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Volume 2 Published - 14:00 UTC    08:00 EST    19-March-2001      
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Back To Vidyya Stress Offsets Benefits Of Hard, Physical Labor

If Job Performed Under High Stress, Physcial Benefits Are Negated

Physical activity on the job should be good for a person's blood vessels--unless the job has a lot of stress, which can cancel the activity's value, a study indicates.

"If you are performing the activity in a psychologically taxing context, you are not going to see the benefit," said researcher Cheryl Nordstrom. "The stress seems to negate it."

Another expert, however, considers that conclusion provocative but not yet proved.

Nordstrom and her colleagues at the University of Southern California's Keck School of Medicine looked at 447 utility workers just after deregulation increased competition among utilities. Results were presented March 2 at a meeting of the American Heart Association in San Antonio.

The workers, ages 40-60, held jobs such as managers, meter readers or administrative assistants. Nordstrom would not identify the company or the type of utility, saying the researchers had promised confidentiality.

None of the workers was diagnosed at the start of the study as having atherosclerosis, thickening of the arteries. Over three years, the scientists used ultrasound imaging to measure any thickening of the carotid arteries, which carry blood to the brain. Thickening of these arteries in the neck can signal a buildup of artery-clogging plaque deposits in other large vessels, including ones in the heart.

Stress can raise clotting factors in the blood and may prompt the release of fat into the bloodstream, which can lead to clogging of the arteries. Physical activity, on the other hand, has been shown to reduce levels of these fatty acids.

Researchers found, to their surprise, that people who got the most physical activity on the job had the greatest thickening of the arteries, Nordstrom said.

Conventional wisdom is that being active improves cardiovascular health. And a separate part of the study supported the conventional wisdom. This section found that the people who were most physically active off the job--working up a sweat by exercising an average of five times a week--had less progression toward atherosclerosis, Nordstrom said.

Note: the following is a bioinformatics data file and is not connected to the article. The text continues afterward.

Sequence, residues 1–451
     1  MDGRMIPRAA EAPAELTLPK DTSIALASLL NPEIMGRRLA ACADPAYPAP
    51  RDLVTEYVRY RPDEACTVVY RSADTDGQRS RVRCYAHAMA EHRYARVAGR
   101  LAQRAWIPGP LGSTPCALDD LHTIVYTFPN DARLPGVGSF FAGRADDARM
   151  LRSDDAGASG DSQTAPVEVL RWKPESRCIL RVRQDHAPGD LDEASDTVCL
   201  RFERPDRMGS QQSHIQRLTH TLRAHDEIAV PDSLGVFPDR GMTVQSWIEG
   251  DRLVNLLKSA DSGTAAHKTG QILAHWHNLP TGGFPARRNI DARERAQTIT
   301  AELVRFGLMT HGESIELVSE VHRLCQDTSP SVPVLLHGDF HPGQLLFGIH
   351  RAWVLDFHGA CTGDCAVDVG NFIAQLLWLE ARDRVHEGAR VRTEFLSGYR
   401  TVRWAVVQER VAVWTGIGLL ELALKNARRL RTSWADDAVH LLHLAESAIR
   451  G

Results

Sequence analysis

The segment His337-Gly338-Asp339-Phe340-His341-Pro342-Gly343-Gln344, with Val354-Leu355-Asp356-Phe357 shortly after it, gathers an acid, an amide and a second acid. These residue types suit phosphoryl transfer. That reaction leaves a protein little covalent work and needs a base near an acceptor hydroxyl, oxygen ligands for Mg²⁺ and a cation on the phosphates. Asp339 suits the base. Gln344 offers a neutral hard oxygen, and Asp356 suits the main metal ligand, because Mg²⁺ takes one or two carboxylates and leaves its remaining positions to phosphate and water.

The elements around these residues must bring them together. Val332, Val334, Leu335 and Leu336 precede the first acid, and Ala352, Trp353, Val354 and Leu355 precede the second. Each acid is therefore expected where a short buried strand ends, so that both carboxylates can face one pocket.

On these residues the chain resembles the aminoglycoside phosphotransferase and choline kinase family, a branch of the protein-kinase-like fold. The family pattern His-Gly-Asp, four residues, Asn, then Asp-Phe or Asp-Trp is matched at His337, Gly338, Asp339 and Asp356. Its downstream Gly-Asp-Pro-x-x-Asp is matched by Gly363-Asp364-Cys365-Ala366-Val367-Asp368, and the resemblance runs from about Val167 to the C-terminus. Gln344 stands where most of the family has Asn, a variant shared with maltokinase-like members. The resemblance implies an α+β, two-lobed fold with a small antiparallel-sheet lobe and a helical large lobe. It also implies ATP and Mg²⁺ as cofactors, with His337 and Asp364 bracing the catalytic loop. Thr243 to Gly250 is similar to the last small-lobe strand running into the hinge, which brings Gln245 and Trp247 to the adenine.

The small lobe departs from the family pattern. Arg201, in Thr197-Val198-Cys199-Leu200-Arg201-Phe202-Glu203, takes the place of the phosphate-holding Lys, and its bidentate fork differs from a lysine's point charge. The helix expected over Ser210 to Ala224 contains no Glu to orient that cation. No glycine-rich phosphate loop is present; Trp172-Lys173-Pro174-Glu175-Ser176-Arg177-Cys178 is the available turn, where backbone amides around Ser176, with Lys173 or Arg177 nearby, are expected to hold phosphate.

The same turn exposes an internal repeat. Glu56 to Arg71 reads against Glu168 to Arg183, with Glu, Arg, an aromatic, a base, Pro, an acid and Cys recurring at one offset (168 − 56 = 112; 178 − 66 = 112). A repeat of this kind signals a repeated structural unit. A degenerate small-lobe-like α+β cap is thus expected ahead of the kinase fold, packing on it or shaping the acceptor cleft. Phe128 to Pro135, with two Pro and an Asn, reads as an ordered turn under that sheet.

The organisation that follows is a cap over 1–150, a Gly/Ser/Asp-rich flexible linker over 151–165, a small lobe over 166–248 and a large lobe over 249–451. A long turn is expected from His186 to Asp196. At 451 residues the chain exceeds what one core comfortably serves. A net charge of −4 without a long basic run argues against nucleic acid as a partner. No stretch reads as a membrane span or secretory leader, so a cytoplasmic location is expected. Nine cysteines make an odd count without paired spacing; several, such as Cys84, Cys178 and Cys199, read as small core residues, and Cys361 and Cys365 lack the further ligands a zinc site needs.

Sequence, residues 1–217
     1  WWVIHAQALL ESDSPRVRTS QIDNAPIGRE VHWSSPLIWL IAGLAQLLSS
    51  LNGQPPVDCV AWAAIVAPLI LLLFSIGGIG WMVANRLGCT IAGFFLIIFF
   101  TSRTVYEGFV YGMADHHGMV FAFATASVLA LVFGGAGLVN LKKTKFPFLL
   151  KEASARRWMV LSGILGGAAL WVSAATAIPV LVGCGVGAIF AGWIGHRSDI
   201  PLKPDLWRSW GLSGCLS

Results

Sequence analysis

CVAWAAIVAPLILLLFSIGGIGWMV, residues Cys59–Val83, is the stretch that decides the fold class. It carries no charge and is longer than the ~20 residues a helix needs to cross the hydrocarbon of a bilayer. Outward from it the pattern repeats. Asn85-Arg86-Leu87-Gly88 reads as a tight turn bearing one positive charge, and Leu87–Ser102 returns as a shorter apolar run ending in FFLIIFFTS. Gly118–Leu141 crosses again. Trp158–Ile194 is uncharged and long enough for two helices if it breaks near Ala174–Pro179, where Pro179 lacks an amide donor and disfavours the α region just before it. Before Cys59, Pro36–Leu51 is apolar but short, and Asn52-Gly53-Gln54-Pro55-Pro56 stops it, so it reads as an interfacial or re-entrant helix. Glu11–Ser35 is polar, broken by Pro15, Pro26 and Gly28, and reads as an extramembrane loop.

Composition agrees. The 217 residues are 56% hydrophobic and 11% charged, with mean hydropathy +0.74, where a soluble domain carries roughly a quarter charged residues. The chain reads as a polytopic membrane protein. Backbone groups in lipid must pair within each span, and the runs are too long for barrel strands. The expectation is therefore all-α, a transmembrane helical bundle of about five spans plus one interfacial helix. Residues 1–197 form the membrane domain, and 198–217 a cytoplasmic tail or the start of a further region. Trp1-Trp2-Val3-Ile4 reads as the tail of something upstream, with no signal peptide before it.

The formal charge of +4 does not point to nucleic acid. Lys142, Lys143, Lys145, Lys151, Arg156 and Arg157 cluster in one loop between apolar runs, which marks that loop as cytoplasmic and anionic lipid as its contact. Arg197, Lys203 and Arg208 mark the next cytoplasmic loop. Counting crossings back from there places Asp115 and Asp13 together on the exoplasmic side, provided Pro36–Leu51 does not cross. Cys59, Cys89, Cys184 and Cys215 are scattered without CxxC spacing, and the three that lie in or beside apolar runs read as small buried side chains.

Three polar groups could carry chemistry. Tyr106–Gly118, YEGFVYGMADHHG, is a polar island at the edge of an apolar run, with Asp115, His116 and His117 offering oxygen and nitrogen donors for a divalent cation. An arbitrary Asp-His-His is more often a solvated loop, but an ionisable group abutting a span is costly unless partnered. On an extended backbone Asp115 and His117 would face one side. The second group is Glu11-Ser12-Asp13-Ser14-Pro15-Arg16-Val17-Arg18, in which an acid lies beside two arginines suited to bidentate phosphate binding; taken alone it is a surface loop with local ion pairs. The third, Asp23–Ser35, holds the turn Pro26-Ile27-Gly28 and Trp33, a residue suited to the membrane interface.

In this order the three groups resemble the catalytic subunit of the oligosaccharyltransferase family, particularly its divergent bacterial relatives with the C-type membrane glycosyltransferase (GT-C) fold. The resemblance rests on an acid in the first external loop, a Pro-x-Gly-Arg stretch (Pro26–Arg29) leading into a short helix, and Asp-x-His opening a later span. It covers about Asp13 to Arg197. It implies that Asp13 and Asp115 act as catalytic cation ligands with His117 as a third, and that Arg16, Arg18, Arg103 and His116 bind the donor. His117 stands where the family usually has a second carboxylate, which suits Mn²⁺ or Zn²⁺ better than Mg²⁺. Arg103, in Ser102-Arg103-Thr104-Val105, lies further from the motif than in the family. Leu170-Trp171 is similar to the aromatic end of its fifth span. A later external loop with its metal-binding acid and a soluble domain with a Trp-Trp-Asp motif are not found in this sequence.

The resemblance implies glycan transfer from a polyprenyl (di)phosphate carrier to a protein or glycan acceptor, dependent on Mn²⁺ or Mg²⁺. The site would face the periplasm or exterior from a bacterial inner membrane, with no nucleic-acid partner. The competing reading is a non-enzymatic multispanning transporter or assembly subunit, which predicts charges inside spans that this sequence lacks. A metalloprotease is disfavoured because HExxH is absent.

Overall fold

What could account for the difference between activity on the job and activity off it? The scientists went back to a stress questionnaire they had done earlier on the same people. The questionnaire asked people about such things as whether there had been a marked increase in their workload, and whether they had trouble sleeping because their jobs were still on their minds.

The researchers found that the people who worked the hardest, and who worked the most hours, reported the greatest job stress, Nordstrom said. And when the researchers did statistical analysis, it turned out that the job stress was most closely associated with the increase in carotid thickening, she said.

"When I look at them together, the effect of the (physical) activity drops out," Nordstrom said. "It becomes slightly protective, which I would expect. But the stress indicators were highly related."

"These findings suggest that protective effects of physical activity may be blocked or counteracted when activity is performed in a psychologically stressful context," the researchers reported in the abstract they presented at the conference.

Another expert, however, has his doubts. The USC conclusion that job stress can lead to atherosclerosis is supported by some previous studies but not by others, said Dr. Richard Stein, chief of cardiology at Brooklyn Hospital Center in New York City and a spokesman for the heart association. And the USC research also leaves a lot of questions unanswered, he said.

For instance, the study did not ask the participants directly if they felt anxious. "The guys might not have perceived stress," Stein said. "We are making an assumption."

The claim that job stress offsets the value of exercise is "intriguing, but doesn't justify the conclusion," Stein said. However, the report is worth following up, and "if this holds up to that type of criticism, it is a very interesting observation," he said.

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